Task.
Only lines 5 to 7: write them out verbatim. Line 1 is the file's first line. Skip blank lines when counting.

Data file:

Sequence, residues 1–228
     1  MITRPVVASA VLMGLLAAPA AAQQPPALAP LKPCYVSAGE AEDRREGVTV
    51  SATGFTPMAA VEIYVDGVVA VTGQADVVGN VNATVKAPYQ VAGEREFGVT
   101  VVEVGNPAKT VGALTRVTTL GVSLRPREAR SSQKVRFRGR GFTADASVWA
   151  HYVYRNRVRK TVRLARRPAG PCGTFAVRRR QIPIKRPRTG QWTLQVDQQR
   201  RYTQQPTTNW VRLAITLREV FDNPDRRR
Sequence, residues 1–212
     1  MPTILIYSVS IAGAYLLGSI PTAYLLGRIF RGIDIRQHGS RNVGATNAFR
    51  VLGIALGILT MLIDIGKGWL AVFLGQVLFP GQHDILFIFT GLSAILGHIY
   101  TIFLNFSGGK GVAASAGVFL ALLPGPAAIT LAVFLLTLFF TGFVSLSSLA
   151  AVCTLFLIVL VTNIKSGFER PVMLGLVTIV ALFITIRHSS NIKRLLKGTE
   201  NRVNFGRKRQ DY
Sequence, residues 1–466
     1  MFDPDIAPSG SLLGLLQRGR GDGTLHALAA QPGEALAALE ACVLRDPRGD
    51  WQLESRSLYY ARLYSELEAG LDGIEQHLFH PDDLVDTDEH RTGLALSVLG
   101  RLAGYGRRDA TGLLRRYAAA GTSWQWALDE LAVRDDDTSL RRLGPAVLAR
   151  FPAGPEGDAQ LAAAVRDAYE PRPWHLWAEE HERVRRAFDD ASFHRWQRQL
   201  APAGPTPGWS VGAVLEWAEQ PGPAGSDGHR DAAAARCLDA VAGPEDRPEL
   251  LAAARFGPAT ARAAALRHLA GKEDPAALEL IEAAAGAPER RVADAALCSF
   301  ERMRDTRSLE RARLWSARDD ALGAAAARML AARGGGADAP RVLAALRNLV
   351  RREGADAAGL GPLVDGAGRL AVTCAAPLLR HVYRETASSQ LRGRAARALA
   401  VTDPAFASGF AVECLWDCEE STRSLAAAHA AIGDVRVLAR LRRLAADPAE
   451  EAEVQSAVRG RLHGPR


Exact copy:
   151  HYVYRNRVRK TVRLARRPAG PCGTFAVRRR QIPIKRPRTG QWTLQVDQQR
   201  RYTQQPTTNW VRLAITLREV FDNPDRRR
Sequence, residues 1–212